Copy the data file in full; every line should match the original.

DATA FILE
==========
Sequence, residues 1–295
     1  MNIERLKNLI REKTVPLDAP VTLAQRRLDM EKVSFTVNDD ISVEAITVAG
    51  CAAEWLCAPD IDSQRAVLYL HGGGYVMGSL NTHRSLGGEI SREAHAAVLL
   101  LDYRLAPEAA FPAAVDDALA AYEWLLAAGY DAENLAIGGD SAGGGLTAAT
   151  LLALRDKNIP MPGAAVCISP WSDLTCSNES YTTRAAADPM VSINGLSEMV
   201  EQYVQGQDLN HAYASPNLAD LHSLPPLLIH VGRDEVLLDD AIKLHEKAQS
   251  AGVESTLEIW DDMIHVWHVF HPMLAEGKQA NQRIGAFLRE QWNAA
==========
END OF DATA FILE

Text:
Sequence, residues 1–295
     1  MNIERLKNLI REKTVPLDAP VTLAQRRLDM EKVSFTVNDD ISVEAITVAG
    51  CAAEWLCAPD IDSQRAVLYL HGGGYVMGSL NTHRSLGGEI SREAHAAVLL
   101  LDYRLAPEAA FPAAVDDALA AYEWLLAAGY DAENLAIGGD SAGGGLTAAT
   151  LLALRDKNIP MPGAAVCISP WSDLTCSNES YTTRAAADPM VSINGLSEMV
   201  EQYVQGQDLN HAYASPNLAD LHSLPPLLIH VGRDEVLLDD AIKLHEKAQS
   251  AGVESTLEIW DDMIHVWHVF HPMLAEGKQA NQRIGAFLRE QWNAA